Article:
For the last four years, my law practice has consisted mainly of home mortgage closings for people refinancing their debts. Typically, they’re paying off credit cards and car loans or substituting fixed-rate debt for variable rate debt or financing their kids’ education. Some are in straits, with past due taxes or other delinquencies, and some are already mortgaged to the hilt.
I act as signing agent in most of these transactions and don’t represent either the bank or the borrower, and so I’m free to counsel a borrower who inquires. I offer only legal counsel and not financial guidance. I’ve been exposed to dozens of lenders and hundreds of borrowers, and I’ve seen a lot.
I’ve seen huge disparities between the deals obtained by people with exemplary credit and people with average ratings. The people who are financing a cruise or a swimming pool borrow at rates far below those who are barely making their “nut” every month. The theory is that the bank bears less risk and so can afford to offer better terms. It might easily be mistaken for poor people subsidizing the credit of comfortable people.
I’ve seen borrowers in trouble–they don’t usually tell me why, but death, marital breakdown, unemployment, and illness are often apparent from the documents–pay ten or fifteen thousand dollars in fees out of the proceeds of a loan that yields them nothing but respite from creditors. A few lenders have sent me out with documents showing a bottom line to the borrower that was thousands of dollars short of the amount expected. Some of these people, when I advised them not to sign, felt they had no choice and took the deal anyway.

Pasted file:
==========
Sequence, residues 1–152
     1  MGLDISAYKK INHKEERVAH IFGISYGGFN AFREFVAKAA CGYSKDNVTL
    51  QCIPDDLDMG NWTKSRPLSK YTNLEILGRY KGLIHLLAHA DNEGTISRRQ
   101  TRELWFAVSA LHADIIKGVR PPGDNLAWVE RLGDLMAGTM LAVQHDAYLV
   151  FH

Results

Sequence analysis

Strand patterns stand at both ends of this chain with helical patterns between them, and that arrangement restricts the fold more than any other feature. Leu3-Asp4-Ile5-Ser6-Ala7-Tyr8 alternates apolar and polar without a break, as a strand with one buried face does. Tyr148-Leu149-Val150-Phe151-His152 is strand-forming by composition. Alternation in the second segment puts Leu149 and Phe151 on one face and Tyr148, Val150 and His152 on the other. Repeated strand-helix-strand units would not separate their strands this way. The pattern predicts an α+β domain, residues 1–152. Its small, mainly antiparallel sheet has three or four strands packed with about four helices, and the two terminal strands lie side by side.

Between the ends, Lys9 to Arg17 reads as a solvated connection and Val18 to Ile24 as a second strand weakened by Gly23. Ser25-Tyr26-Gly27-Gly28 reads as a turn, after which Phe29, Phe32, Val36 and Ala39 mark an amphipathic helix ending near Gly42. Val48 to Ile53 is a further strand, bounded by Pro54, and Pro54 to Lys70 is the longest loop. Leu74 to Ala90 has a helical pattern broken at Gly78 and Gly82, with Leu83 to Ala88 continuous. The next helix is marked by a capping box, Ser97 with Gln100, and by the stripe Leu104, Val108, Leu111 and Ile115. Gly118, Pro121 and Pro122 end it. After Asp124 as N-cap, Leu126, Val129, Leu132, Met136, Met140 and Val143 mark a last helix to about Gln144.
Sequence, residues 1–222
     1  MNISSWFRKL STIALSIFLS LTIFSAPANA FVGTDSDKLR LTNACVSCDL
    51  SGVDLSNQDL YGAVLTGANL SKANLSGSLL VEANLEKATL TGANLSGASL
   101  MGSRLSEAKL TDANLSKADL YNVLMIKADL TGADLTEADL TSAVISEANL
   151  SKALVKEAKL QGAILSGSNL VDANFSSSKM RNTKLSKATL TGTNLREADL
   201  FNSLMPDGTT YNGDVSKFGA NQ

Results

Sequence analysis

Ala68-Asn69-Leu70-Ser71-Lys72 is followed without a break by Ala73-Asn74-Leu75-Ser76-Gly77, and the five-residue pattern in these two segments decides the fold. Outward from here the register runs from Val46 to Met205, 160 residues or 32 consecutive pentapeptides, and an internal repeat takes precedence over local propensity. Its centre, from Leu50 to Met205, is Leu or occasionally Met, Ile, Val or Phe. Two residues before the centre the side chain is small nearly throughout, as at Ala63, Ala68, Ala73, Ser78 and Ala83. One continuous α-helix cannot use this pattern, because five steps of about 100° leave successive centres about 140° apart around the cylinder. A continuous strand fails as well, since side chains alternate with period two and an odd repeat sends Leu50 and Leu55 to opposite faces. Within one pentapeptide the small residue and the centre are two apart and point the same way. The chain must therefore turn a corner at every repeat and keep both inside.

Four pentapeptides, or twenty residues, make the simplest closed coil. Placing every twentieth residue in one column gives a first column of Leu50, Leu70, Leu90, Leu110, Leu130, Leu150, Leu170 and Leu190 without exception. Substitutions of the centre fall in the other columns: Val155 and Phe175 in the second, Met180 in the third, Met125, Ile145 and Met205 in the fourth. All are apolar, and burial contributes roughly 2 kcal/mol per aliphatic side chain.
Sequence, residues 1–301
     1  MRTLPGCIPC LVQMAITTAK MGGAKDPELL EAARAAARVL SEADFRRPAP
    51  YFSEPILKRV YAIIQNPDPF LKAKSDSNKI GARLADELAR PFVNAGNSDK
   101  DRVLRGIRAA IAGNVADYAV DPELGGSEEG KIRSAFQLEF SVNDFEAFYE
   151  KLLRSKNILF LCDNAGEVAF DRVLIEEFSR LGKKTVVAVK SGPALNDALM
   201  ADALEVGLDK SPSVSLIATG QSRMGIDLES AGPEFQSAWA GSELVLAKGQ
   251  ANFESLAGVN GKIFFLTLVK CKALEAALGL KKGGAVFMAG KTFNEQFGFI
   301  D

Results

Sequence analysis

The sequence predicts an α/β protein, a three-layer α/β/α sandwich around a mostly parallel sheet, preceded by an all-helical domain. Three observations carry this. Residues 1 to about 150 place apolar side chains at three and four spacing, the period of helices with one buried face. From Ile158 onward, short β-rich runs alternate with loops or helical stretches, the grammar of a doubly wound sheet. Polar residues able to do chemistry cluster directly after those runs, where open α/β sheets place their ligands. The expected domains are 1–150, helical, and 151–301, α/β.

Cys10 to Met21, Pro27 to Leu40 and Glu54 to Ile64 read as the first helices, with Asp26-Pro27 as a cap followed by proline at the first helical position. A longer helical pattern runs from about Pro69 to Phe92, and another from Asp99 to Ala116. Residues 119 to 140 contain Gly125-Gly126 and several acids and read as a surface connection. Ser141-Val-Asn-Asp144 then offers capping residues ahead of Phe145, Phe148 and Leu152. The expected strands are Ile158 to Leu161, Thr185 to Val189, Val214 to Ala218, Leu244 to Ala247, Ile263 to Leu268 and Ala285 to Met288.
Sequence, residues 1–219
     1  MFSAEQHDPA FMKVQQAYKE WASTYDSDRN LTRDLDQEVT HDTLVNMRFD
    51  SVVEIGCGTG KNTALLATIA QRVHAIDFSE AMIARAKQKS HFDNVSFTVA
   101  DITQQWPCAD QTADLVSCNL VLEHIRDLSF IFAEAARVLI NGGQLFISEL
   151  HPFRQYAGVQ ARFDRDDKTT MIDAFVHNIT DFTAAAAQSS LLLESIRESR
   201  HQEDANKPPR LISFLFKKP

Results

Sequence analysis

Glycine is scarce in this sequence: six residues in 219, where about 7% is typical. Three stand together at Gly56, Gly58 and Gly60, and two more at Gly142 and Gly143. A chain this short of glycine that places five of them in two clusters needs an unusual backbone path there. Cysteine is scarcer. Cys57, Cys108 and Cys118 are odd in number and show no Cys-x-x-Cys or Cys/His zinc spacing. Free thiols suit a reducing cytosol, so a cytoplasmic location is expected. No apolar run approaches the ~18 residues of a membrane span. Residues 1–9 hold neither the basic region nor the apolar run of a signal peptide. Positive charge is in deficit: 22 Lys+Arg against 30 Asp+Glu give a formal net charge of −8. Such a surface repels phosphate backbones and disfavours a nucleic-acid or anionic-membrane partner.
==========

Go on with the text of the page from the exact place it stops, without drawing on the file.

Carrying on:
“I thought this was a fixed-rate loan,” a borrower might complain.
“For three years,” I’d answer, “then variable. Better call the loan broker. ” Who’d not be there, most often. I quit conducting transactions for a couple of lenders, and I’m persona non grata with a couple of others that I caught in predatory practices like these. One lender wanted me to backdate documents. I sent an email to my state attorney-general on that one, but I never heard back.
It never occurred to me that the high-interest/high-risk loans I was handling were a major driver of the U. S. economy, but that seems to have been the case. I did notice that the appraisals were coming in a little high. Three hundred thou for a six-room ranch in West Hartford (four hundred for the same thing in Fairfield) seemed a bit steep. Two working people with two jobs each can’t afford that kind of mortgage and still eat. Either working people’s wages would have to go up by a third, or house prices would have to come down. It looked like something that would pop if it didn’t deflate soon. I called that one.
My practice is pretty dead, and I receive intimations every so often from people in banking and real estate that things are going to get worse before they get better. The home mortgage industry, in which the responsible lenders share the same pool as the racketeers, seems to have closed up shop for now, at least to the average borrower. A little regulation could have gone a long way here, but it’s too late now. And it’s hard to see how doling out a few hundred bucks to voters in an election year will help debtors who are in trouble or make it possible for ordinary people to own a house.